I walk on the pavement, the unyielding cement exerting an equal and opposite force back up on the sole of my shoe repelling me away. I step off the sidewalk slightly and onto the matted, yellow grass. My heel sinks into the mud.
Suddenly I'm no longer being pushed away but gently pulled in, like a lover tugging at your hand to come closer. I give in and lie down in my work clothes on the muddy winter ravaged grass. The ground is faintly warm today and smells sweet close up - grass tickling my lips, the a ir affectionately soft on exposed shoulders. I gently rub my cheek against the grass and breathe in so deeply my chest aches.
And then I'm no longer twenty-four, alone in a strange, busy city filled with rioting traffic, pushing pedestrians and selfish sky scrapers that crowd out the clouds. I'm seven and no one has ever died and I will never die and every morning I will wake up to find my mother drinking coffee in the green arm chair.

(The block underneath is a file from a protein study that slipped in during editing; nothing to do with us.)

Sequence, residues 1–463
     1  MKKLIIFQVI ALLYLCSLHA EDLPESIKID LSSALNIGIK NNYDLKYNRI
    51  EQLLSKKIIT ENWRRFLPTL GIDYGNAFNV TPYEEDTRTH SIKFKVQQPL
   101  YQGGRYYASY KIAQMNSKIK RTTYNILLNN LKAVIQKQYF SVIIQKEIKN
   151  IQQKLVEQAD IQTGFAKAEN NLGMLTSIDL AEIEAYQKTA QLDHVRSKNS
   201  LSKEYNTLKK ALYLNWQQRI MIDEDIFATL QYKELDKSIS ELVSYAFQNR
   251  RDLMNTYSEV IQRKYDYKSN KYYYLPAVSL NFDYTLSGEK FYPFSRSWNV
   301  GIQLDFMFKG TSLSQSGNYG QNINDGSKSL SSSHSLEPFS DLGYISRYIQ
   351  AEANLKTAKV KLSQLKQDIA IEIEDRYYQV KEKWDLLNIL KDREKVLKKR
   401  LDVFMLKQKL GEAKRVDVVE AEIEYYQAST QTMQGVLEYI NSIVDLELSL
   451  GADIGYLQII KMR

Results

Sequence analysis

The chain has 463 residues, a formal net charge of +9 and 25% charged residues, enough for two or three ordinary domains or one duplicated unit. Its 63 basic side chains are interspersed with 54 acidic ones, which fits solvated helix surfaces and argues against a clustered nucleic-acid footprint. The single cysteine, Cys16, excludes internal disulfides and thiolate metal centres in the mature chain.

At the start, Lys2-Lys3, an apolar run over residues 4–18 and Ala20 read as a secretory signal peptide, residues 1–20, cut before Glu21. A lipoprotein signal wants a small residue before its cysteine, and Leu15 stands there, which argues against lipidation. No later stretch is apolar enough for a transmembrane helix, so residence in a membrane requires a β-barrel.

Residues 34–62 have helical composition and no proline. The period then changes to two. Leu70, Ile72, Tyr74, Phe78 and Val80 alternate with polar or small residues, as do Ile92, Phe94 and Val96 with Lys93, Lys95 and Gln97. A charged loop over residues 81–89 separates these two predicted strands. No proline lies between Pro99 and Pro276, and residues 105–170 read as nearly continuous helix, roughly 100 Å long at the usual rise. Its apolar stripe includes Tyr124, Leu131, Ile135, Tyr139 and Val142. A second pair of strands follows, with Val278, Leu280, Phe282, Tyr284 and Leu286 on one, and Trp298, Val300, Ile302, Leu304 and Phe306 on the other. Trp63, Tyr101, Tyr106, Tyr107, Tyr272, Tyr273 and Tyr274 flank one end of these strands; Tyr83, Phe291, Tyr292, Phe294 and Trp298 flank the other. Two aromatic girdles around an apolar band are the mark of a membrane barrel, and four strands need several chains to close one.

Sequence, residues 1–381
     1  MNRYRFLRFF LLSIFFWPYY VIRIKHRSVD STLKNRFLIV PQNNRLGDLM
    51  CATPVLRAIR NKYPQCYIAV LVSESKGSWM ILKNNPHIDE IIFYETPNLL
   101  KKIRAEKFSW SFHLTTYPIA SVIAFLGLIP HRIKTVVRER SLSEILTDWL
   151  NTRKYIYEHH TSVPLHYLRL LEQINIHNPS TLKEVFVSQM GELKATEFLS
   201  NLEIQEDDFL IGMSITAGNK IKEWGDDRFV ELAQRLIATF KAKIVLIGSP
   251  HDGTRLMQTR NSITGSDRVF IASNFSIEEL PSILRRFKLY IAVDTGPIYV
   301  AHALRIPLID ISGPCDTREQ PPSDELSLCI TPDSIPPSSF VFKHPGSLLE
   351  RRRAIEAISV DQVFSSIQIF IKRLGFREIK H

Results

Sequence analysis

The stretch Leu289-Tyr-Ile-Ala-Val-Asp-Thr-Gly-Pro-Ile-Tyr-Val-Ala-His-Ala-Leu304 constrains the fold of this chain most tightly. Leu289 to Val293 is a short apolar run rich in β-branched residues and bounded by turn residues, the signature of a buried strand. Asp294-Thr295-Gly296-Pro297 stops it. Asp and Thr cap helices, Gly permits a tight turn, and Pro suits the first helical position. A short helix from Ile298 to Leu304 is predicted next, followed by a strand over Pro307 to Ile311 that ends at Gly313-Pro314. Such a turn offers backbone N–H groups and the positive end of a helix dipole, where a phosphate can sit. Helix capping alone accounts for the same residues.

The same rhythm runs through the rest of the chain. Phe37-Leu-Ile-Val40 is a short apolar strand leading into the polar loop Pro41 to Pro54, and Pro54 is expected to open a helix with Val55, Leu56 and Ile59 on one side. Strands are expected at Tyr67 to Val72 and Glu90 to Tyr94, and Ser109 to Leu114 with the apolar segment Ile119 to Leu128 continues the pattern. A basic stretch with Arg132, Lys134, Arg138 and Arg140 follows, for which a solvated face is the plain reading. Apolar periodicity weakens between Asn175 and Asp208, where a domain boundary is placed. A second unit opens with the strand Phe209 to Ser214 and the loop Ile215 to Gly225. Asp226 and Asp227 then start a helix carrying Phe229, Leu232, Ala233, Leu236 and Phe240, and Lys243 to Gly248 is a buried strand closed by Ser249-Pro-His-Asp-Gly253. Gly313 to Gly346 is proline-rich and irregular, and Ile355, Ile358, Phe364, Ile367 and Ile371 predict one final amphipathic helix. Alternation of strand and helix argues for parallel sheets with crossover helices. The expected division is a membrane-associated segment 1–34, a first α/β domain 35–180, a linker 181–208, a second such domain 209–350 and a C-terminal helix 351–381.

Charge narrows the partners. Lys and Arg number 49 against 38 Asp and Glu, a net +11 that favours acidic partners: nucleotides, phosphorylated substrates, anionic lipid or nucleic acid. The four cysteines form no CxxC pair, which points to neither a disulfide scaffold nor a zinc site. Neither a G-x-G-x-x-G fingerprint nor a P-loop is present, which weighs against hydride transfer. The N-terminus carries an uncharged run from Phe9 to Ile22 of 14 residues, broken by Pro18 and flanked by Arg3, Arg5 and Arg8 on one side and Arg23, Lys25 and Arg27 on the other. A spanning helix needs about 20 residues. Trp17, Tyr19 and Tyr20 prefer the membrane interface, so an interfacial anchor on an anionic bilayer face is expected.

When I lay on the earth I could be three or eighty-three. What brings me to the earth changes - an uncoordinated attempt to ride my new bic ycle at seven, or the suicide of a friend in my twenties - brings me down to my knees, no to my face in the warm mud and sweet dry grass. Lying on the grass I can feel my heart pounding against the ground. If the earth's heart beat 3 billion times as mine will in my lifetime, her hea rt would beat once every four years and my life would be the time between blinks.
Everything grows at a different speed, everything dies at a different speed. The arbor day tree I presented to my mother in first grade, its roots wrapped in wet paper towel, is still a child, waist high at the side of our house while I have grown up and moved away.
There is something so unchanging about the earth. It is the one constant in my life. Carefully considered plans and beloved people pass in and out of my life, I hop restlessly from city to city, but the earth is still beneath my feet turning calmly. And when I get lonely or disor iented or afraid I can lay down on my face in the mud, hold onto he grass and breathe a familiar smell of sun warmed dirt. I think I must have been homesick for the mud.